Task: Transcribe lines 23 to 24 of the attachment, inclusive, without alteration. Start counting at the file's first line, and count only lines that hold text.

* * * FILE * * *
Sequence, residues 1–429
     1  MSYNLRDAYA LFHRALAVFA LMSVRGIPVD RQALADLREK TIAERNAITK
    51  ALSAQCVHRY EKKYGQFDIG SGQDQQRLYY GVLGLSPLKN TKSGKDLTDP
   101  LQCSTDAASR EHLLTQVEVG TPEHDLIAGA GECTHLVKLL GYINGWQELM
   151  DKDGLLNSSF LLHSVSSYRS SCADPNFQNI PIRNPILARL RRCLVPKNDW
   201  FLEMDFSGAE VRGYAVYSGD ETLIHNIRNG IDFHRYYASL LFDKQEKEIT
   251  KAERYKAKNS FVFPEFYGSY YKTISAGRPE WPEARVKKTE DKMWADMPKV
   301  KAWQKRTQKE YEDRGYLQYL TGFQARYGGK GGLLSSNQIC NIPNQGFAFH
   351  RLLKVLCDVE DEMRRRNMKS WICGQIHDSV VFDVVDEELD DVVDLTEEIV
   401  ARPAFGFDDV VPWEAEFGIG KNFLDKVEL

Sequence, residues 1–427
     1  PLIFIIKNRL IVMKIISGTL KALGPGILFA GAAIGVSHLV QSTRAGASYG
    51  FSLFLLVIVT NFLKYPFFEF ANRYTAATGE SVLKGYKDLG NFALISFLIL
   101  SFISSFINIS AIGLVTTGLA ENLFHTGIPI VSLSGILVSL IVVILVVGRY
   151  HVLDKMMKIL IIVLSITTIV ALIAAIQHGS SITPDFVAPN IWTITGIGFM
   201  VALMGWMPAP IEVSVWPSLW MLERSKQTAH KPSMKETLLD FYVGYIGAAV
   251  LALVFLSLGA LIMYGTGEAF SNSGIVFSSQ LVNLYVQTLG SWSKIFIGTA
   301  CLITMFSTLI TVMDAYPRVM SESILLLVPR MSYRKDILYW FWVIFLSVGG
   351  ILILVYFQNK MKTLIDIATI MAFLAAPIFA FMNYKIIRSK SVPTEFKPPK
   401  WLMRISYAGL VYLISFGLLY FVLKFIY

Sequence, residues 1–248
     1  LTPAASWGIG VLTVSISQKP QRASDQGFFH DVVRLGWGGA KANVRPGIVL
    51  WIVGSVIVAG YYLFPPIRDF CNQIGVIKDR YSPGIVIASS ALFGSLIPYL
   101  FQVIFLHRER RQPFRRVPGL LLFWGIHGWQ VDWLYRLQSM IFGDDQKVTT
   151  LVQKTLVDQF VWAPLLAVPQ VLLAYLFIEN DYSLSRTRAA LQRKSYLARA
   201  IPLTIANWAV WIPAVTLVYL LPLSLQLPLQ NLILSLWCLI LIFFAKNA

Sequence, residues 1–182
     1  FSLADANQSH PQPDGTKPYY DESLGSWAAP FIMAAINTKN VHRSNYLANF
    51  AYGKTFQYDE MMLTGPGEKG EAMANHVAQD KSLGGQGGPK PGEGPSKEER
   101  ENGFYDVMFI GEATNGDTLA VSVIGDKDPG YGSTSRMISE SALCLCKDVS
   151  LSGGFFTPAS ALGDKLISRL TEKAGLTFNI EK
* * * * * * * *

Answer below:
    51  WIVGSVIVAG YYLFPPIRDF CNQIGVIKDR YSPGIVIASS ALFGSLIPYL
   101  FQVIFLHRER RQPFRRVPGL LLFWGIHGWQ VDWLYRLQSM IFGDDQKVTT